The political banking cycle
A couple of weeks ago, The Economist reported that Mel Watt, the new regulator of the US federal housing agencies Fannie Mae and Freddie Mac, wanted those two agencies to stop shrinking and continue purchasing mortgage loans from banks in order to help homeowners and the housing market (also see the WSJ here). To twist the system further, the compensation of the agencies’ executives will be linked to those political goals. Mr Watt used to be one of the main proponents of more accessible house lending for poor households through Fannie and Freddie before the crisis.
As The Economist asks, “what could go wrong?”…
Lars Christensen and Scott Sumner also find this ridiculously misguided government intervention horrifying. I find myself in complete agreement (and this is an understatement). Who could still honestly say that we are (or were) in a laissez-faire environment?
This, along with UK’s FLS and Help to Buy schemes, made me think that there has been a ‘political banking cycle’ throughout the 20th century. Why 20th century? From all the banking history I’ve read so far, populations seemed to better understand banking before the introduction of safety net measures such as central banks, deposit insurances or systematic government bail-outs. When financial crashes occurred, blame was usually shared between governments and banks, if not governments only. This is why many crises triggered deregulation processes rather than reregulation ones. This contrasts with the mainstream view our society has had since the Great Depression: when a financial crash happens, whatever the government’s responsibility is, banks and free market capitalism are the ones to blame.
This political cycle looks like that:
The worst is: it works. Politicians escaped pretty much unscathed from the financial crisis despite the huge role they played in triggering it*. The majority of the population now sincerely believes that the crisis was caused by greedy bankers (see here, here, here and here). This is as far from the truth as it can be (I don’t deny ‘greed’ played a role though, but channelled through and exacerbated by a combination of other factors, i.e. moral hazard etc.). Unfortunately, it is undeniable: politicians won. And not only politicians won, but they also managed to self-convince that they played no role in the crisis, as the example of Mr Watt shows (he either truly believes that government intervention in the US housing market was a good thing, or he has an incredibly cynical short-term political view).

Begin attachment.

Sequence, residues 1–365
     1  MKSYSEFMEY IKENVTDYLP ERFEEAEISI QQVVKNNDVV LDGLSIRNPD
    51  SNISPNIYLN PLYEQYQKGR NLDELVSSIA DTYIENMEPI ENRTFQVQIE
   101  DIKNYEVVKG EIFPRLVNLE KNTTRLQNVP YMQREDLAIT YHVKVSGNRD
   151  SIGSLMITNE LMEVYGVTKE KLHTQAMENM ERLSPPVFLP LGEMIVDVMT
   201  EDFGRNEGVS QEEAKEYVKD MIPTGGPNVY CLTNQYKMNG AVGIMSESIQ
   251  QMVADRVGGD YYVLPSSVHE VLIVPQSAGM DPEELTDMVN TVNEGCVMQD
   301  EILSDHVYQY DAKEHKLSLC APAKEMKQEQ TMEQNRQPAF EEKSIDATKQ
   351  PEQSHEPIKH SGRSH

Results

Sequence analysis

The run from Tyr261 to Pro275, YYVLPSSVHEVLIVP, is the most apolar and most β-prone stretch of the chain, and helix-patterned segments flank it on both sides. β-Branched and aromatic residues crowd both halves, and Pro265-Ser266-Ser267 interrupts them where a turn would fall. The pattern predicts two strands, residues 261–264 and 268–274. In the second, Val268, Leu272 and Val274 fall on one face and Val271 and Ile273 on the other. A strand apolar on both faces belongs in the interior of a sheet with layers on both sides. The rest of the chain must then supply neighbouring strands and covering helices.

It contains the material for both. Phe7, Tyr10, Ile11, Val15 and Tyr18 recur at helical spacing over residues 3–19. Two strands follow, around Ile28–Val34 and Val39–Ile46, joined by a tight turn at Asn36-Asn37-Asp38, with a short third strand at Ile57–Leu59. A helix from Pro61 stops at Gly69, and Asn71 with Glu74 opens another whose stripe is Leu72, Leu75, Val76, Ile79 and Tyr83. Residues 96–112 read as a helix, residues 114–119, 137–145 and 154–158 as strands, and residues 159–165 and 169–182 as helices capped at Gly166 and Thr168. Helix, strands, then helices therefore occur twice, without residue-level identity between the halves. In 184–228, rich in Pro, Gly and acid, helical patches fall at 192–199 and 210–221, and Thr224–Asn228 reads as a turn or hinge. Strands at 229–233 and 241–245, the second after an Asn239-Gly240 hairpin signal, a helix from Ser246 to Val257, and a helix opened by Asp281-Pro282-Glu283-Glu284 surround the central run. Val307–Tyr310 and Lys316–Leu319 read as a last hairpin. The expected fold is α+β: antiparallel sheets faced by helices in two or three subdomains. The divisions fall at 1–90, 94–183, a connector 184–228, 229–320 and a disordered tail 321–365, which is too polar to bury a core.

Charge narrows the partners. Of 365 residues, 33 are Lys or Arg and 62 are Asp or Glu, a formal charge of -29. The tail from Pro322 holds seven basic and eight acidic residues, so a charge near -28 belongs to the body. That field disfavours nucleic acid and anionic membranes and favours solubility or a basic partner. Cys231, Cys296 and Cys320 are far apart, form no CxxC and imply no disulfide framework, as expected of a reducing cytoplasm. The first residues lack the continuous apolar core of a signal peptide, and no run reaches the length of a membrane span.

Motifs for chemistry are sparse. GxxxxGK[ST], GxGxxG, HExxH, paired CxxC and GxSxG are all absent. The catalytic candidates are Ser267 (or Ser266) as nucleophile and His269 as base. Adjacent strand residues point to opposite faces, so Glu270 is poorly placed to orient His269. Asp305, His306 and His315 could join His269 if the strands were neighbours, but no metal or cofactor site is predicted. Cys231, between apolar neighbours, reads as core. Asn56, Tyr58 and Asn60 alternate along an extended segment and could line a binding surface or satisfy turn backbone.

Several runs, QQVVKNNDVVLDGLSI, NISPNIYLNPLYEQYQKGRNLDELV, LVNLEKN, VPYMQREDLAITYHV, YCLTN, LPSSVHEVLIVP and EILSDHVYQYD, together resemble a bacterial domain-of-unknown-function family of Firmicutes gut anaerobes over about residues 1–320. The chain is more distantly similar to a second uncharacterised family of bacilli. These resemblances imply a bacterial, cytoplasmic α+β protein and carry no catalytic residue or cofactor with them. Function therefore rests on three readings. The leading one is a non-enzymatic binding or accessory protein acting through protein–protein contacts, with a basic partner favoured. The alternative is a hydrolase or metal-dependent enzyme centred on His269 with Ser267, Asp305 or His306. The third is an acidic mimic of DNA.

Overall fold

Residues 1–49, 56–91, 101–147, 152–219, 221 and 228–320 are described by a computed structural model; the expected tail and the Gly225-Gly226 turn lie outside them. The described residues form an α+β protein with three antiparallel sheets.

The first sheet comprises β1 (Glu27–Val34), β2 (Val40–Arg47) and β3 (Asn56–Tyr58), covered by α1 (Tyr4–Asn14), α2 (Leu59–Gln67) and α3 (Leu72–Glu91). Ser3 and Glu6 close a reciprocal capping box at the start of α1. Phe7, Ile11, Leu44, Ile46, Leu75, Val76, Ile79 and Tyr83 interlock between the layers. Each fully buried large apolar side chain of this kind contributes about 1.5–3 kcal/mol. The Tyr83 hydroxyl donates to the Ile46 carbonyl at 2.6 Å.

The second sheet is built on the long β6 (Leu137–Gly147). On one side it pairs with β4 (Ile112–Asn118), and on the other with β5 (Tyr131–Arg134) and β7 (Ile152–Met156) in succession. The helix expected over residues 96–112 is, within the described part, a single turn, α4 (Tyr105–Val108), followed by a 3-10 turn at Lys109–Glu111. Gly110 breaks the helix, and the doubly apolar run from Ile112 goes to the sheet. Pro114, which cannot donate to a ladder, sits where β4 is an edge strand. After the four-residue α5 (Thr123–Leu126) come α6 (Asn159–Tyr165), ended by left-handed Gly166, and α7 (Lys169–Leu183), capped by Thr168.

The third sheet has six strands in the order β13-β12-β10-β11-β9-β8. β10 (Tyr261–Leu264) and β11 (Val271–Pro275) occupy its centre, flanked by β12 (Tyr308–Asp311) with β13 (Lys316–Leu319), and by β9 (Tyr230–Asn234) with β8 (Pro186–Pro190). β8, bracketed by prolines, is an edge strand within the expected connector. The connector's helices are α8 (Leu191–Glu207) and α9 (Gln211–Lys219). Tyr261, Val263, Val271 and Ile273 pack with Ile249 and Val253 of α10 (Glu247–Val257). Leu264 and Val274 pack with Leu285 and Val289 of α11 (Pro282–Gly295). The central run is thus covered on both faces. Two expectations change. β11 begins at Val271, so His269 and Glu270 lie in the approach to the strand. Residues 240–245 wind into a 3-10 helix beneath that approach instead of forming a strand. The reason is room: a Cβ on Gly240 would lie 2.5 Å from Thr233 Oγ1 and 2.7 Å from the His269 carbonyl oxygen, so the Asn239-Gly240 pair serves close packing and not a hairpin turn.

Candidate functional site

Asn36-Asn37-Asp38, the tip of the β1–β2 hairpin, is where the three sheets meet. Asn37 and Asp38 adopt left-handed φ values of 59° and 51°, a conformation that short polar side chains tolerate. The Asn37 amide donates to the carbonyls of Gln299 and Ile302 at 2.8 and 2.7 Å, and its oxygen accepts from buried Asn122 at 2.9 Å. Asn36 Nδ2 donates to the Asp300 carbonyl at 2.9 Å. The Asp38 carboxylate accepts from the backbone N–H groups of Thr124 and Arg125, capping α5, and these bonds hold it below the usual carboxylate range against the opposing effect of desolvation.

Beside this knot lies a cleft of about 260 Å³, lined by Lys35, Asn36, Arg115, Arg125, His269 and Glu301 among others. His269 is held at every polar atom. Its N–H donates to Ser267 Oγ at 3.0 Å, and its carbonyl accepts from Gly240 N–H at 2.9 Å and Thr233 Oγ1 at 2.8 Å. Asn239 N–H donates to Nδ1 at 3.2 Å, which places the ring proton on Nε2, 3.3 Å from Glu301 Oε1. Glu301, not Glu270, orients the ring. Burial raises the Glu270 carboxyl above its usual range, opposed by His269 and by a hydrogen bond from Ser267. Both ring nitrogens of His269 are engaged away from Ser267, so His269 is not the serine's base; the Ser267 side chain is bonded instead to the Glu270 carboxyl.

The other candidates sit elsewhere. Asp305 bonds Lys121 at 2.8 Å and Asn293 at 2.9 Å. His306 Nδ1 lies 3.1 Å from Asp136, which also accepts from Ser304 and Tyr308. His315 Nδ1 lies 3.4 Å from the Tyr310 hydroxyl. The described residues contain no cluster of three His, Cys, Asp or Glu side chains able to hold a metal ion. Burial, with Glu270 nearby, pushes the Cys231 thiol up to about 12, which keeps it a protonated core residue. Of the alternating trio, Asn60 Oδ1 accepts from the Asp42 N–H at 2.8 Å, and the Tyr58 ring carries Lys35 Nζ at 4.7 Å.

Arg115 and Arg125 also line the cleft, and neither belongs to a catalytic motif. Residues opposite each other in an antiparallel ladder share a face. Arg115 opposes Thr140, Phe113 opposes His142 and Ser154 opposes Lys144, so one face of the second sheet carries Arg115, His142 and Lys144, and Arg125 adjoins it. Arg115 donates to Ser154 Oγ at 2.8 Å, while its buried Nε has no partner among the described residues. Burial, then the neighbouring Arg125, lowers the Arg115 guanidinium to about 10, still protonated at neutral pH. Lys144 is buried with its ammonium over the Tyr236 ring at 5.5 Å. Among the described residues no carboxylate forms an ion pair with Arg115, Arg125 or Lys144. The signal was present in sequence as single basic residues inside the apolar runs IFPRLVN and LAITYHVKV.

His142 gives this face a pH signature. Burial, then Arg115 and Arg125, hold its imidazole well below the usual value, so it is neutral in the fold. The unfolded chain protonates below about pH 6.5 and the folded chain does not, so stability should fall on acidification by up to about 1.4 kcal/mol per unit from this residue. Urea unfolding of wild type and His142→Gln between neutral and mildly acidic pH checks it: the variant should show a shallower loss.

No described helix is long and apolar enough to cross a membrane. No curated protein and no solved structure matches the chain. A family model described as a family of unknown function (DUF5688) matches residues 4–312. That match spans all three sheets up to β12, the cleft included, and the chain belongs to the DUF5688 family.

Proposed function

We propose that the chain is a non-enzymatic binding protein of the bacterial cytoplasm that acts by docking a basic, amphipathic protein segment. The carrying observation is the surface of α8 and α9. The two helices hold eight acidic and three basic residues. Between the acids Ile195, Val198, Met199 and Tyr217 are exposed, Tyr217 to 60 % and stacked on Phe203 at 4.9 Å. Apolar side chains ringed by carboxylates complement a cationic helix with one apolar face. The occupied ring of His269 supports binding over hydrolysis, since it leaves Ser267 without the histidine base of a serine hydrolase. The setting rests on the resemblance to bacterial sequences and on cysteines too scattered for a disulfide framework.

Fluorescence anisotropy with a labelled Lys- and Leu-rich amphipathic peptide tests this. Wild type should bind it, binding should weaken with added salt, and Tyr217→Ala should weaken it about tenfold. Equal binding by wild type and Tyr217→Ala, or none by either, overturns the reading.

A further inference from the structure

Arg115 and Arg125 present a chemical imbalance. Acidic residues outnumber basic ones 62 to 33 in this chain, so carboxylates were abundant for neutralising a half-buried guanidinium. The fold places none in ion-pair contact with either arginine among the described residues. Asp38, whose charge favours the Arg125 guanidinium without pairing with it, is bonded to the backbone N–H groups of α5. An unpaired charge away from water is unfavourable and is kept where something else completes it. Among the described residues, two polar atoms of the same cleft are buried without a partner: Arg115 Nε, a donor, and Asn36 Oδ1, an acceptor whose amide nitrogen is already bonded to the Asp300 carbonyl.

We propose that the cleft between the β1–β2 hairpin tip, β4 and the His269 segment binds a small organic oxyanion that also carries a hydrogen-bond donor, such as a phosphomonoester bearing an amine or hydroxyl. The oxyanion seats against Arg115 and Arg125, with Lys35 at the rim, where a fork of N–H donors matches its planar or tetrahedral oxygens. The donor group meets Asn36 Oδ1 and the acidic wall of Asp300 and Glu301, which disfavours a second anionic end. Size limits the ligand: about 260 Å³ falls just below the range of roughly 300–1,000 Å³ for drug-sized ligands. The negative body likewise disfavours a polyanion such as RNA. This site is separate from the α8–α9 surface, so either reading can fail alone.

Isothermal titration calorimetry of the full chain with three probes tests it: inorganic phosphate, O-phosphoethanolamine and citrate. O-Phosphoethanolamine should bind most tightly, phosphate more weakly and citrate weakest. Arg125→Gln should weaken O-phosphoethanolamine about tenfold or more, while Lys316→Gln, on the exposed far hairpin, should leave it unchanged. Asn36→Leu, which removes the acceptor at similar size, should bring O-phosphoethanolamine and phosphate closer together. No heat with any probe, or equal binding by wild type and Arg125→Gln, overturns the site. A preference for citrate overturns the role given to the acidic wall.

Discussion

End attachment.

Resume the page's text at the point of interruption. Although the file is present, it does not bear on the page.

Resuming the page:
The crucial question is: why did 19th century populations seem more educated about banking? The answer is that the lack of state paternalism through various protection schemes forced bank depositors and investors to oversee and monitor their banks. Once protection is implemented, there is no incentive or reason anymore to maintain any of those skills.
Who is easier to manipulate: a knowledgeable electorate or an ignorant one?
PS: This chart is mostly accurate for democracies that have a populist tendency. Not all countries seem to be prone to such cycle (this can be due to cultural or institutional arrangements).
* I won’t get into the details here, but if you’re interested, just read Engineering the Financial Crisis, Fragile by Design or Alchemists of Loss……. or simply this NYT article from 1999.
Mises wrote about something similar happening in 19th century Germany as the nation implemented socialist policies. Socialists realized they need a small space for markets for two reasons: 1) to keep socialists from starving and 2) to have the market to blame when socialist policies destroy the economy.
Mises was certainly right. It’s a good plan, which particularly works with uneducated people…